Perry’s chances of winning the Republican nomination depend entirely on his ability to sell himself as a Teastablishment candidate. Perry has a ten-year record in Texas that shows an interest in governance, and he has way with sharp rhetoric (“treason”) that sends thrills up the leg of your average Tea Partier.
He’s a base-hugging right-winger that the GOP Brooks Brothers set can feel more comfortable supporting than, say, Michele “Libya Not In Africa” Bachmann or the gay-bashing, protectionist-sympathizer Rick Santorum.
After a series of increasingly bad debates, Perry’s “Tea” half of the portmanteau fled to Herman Cain, whose plain-spoken style and business acumen seemed like a good substitute for Perry’s barbs and Texas job stats. Cain’s promise of throwing out the tax code and replacing it with three 9 percent taxes on income and consumption is exactly the sort of pitchfork wielding plan that appeals to Tea Partiers.
Unfortunately, Cain’s plan is also one of the worst ideas ever pitched in a campaign. The Tax Policy Center estimates that it will raise taxes on more than 80 percent of Americans. You can probably guess the income brackets of those 80 percent. In fact, those making between $10,000 and $20,000 would see their taxes hiked by 950 percent. So now, Cain supporters are checking out who else is still at the bar (you may have noticed the increasing drumbeat of “Newt Gingrich ain’t dead” stories).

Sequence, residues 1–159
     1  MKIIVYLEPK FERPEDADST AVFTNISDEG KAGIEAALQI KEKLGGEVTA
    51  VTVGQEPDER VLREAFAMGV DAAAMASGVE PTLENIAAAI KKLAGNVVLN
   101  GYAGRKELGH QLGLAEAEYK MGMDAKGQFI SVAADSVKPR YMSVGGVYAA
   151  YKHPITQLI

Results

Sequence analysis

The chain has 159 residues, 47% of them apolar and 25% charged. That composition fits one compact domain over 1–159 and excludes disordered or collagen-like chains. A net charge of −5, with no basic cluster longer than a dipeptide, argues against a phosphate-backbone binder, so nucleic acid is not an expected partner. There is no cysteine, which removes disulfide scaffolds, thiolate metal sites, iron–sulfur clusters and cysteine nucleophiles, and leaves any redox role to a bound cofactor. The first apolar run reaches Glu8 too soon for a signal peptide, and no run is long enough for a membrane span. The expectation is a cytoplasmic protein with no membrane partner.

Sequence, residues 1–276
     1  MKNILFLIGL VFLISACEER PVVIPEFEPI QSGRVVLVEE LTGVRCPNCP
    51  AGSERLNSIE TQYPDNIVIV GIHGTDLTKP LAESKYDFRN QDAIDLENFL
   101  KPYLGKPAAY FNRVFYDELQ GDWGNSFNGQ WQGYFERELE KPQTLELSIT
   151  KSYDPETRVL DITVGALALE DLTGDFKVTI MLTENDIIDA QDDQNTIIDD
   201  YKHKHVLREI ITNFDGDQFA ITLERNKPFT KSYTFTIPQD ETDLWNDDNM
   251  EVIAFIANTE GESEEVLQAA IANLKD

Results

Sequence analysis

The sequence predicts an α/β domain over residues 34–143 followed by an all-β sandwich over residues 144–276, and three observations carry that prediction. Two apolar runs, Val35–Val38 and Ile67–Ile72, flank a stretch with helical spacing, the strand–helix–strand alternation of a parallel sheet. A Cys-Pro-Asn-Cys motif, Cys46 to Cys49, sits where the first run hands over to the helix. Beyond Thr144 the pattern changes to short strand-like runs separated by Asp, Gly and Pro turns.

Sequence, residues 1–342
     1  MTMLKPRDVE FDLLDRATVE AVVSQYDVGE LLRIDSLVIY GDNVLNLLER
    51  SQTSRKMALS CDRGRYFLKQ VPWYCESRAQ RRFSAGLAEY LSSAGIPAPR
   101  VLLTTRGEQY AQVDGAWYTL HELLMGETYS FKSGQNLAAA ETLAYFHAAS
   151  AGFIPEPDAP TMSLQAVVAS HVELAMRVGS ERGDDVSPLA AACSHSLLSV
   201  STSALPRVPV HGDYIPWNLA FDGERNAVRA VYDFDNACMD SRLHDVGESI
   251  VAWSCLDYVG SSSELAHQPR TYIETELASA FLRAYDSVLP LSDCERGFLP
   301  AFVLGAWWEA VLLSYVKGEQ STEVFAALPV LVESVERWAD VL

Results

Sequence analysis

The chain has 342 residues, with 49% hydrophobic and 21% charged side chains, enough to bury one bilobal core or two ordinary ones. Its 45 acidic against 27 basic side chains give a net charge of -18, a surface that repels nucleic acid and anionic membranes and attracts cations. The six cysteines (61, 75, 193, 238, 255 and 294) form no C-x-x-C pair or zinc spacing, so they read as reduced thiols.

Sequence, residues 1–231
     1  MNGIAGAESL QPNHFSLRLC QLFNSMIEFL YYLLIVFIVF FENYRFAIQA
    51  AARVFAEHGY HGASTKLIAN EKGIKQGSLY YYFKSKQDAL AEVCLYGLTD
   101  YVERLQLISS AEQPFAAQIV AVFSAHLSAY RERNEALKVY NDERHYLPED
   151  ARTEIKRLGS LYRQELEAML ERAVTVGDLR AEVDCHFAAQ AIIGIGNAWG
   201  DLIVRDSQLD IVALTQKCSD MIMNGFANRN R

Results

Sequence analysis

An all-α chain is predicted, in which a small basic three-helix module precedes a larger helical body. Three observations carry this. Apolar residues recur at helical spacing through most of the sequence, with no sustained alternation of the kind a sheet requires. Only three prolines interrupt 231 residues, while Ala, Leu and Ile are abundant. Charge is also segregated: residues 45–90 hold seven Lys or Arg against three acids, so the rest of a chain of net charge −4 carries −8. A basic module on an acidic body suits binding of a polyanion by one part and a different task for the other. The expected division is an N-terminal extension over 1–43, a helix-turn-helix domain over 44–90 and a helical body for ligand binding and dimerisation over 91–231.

This week, Perry turned in a not-awful debate performance and seems to have stopped his free-fall. Now he’s making a naked appeal for Cain’s 9-9-9 base by proposing a flat tax that will likely come with a healthy standard deduction to shield the poor and middle class from being destroyed. Perry’s pitch in the next debate: “Herman, brother, the answer to 9-9-9 is 17 and zero. 17 percent on everything over $36,000. Zero on everything below. You say three numbers is simple, well, I have two.”
The Rick Perry comeback begins today.